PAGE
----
Some 47 years ago, 12,000 miles from home on a hot LZ, a handful of Marines from I-Company, 3rd Battalion, 3rd Marine Division came under intense enemy fire as they loaded their severely wounded buddy on a medivac chopper. They waved their final farewell and hustled back to the fight.
Subsequently, these Marines all went on to earn distinguished recognition for bravery ... including the nation’s highest. Sergeant Robert O’Malley was awarded the first Medal of Honor in Vietnam.
This past Saturday night, that intrepid group, consisting of Sergeant Jimmy Martinez, PFC Robert Rimpson, Sergeant James McKnight and O’Malley, reunited at the 237th Marine Corps birthday celebration held at the Mazatzal Casino, just a week before the celebrations that will mark Veterans Day on Sunday.
As with many veterans who have felt the brotherhood of combat, they have stayed in touch throughout the years and gather as often as possible ... all except that Marine they put on the chopper that day.
Imagine their surprise when master of ceremonies Colonel Bill Sahno, USMC retired, recounted that day from so long ago. He then electrified the crowd by introducing Yon Gertz, the missing Marine loaded on that Huey by his buddies.
Despite the Marine Corps tough as nails image, the tears flowed as a 45-year-old memory was allowed to return. Gertz recovered from his wounds, graduated from Louisiana Tech where he played football with Terry Bradshaw.
Veterans from the Army, Navy and Air Force all joined in the celebration, recognizing that the event honored all those who served — not just the founding of the Corps at Tun Tavern, Philadelphia 237 years ago.
Keynote speaker Korean War Marine veteran Nick Gervase, at 20 received a battlefield promotion to sergeant due to his prowess with a machine gun. He recounted his struggle as a machine gunner with the 1st Marine Division to fight on the steep, ice-covered slopes of “Bunker Hill.”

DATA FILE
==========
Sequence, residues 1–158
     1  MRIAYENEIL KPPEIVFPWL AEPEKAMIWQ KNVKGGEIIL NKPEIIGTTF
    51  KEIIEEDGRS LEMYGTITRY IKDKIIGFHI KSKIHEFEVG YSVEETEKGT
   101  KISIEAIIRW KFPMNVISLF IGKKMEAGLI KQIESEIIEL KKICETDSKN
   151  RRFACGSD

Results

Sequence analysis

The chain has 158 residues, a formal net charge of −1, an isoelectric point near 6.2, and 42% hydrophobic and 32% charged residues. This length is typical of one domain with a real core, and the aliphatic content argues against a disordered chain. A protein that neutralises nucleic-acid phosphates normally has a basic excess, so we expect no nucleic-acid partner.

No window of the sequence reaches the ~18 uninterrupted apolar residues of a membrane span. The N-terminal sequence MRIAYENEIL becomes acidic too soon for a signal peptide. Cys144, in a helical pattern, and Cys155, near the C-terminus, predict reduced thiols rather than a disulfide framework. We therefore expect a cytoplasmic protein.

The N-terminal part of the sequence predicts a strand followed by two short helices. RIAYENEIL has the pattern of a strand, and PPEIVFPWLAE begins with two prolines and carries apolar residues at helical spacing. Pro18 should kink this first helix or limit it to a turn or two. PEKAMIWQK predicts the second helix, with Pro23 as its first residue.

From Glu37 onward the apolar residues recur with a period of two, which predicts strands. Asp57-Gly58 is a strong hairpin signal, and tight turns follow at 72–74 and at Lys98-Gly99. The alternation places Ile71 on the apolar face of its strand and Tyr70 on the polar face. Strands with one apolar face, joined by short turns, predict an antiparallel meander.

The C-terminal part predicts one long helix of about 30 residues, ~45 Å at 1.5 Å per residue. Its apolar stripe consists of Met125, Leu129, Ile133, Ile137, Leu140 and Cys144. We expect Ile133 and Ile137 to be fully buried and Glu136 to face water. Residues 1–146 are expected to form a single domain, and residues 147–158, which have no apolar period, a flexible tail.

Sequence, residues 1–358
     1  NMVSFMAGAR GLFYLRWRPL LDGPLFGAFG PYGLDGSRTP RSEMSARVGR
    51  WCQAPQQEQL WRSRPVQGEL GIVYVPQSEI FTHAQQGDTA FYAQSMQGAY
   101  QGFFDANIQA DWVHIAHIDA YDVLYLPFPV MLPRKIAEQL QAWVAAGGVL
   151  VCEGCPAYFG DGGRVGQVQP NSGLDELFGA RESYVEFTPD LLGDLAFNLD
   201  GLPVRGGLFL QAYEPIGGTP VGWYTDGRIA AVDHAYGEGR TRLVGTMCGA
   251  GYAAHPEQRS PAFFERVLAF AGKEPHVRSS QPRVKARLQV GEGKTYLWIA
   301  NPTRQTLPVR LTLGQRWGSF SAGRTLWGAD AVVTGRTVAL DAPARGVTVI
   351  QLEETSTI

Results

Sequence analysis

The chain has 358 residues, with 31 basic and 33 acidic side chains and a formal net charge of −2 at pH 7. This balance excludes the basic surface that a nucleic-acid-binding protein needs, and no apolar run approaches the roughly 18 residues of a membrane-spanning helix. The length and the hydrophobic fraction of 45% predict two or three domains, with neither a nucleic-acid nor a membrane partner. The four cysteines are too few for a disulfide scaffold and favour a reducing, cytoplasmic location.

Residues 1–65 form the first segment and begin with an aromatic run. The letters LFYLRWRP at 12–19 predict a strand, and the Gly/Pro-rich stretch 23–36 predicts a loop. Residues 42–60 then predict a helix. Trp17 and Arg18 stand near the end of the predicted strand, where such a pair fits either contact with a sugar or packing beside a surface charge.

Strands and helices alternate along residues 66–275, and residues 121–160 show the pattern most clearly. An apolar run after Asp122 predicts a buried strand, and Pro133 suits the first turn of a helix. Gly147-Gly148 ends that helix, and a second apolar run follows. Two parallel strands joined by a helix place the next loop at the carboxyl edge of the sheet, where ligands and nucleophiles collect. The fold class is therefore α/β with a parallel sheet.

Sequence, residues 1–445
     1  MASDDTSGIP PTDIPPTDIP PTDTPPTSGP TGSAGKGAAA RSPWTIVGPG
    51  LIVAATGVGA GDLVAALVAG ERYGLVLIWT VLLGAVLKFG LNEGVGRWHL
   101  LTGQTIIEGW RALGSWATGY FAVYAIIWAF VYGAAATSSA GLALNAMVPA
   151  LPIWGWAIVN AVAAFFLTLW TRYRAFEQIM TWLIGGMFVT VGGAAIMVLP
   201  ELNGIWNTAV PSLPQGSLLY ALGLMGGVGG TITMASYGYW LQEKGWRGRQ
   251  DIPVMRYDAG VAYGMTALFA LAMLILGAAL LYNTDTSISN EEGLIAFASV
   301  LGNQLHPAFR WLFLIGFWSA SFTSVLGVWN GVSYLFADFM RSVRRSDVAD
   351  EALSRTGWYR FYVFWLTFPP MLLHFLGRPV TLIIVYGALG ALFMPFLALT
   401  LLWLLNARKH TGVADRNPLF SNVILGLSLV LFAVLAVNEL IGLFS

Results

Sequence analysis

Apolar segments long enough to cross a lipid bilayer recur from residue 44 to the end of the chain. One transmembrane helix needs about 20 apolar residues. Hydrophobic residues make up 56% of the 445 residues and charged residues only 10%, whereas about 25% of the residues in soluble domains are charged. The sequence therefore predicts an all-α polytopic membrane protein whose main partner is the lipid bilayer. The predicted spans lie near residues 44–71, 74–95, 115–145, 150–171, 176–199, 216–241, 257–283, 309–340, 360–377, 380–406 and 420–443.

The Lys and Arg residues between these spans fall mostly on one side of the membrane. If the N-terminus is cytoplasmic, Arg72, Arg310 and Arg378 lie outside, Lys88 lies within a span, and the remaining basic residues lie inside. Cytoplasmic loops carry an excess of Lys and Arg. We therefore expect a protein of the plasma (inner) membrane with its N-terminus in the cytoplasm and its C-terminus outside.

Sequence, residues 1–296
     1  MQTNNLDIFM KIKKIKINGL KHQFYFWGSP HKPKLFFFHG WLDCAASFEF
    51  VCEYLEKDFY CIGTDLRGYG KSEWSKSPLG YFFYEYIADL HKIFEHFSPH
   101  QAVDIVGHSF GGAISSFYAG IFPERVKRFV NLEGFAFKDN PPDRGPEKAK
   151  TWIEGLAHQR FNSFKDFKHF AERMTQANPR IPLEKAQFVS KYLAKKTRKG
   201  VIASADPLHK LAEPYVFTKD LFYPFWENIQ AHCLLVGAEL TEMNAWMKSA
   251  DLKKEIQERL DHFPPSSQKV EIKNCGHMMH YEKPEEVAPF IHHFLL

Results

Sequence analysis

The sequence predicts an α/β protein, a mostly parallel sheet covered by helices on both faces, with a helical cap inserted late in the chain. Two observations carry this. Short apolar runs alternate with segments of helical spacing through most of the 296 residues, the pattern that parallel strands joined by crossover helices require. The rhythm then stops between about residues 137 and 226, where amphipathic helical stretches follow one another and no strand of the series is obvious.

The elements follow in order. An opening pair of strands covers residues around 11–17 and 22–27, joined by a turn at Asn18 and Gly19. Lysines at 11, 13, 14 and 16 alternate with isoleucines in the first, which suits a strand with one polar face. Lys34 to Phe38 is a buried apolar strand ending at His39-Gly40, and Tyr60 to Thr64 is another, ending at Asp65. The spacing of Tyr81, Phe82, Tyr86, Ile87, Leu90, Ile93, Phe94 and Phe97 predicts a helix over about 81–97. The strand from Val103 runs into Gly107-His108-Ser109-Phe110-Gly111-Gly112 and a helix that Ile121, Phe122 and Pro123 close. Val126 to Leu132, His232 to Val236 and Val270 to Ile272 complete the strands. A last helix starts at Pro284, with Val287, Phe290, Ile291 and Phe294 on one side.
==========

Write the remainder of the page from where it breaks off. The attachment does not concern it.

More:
Gervase earned a Silver Star and Purple Heart, after receiving multiple shrapnel wounds and a close combat bayonet wound to the chest.
Passing the legend and lore of the Corps from one generation to the next is a Marine tradition symbolized with the cutting of the birthday cake. This year, Sergeant Major Chuck Johnson, USMC retired, represented the oldest Marine present. Active duty Sergeant Matthew Johnson represented current and future Marines. Johnson joined the Corps in 1948 and served 30 years. In the small world category, Sergeant Major Johnson was the company 1st Sergeant of the writer’s outfit in Vietnam.
Sergeant Johnson, representing the youngest Marine present, joined the Corps in 2006 following graduation from Coronado High School in Scottsdale. Johnson has served a tour in Iraq and on embassy guard duty around the world.
An unscripted highlight of the evening came when the Town of Payson recognized Colonel Sahno as the “Ambassador of Patriotism” for our community. A quote from the proclamation states: “Colonel Sahno has brought distinction and honor to his community with his vigorous defense of veteran and patriotic endeavors statewide, culminating in his 2011 induction as the first Rim Country representative to the Arizona Veterans Hall of Fame.”
Sahno said, “It is the spirit of the Marines, past and present, and their magnificent deeds and accomplishments that this birthday tradition continues. It is our time to reflect on the Marines who accomplished those deeds and to remember those Marines who paid the supreme sacrifice in defense of our Corps and Country.”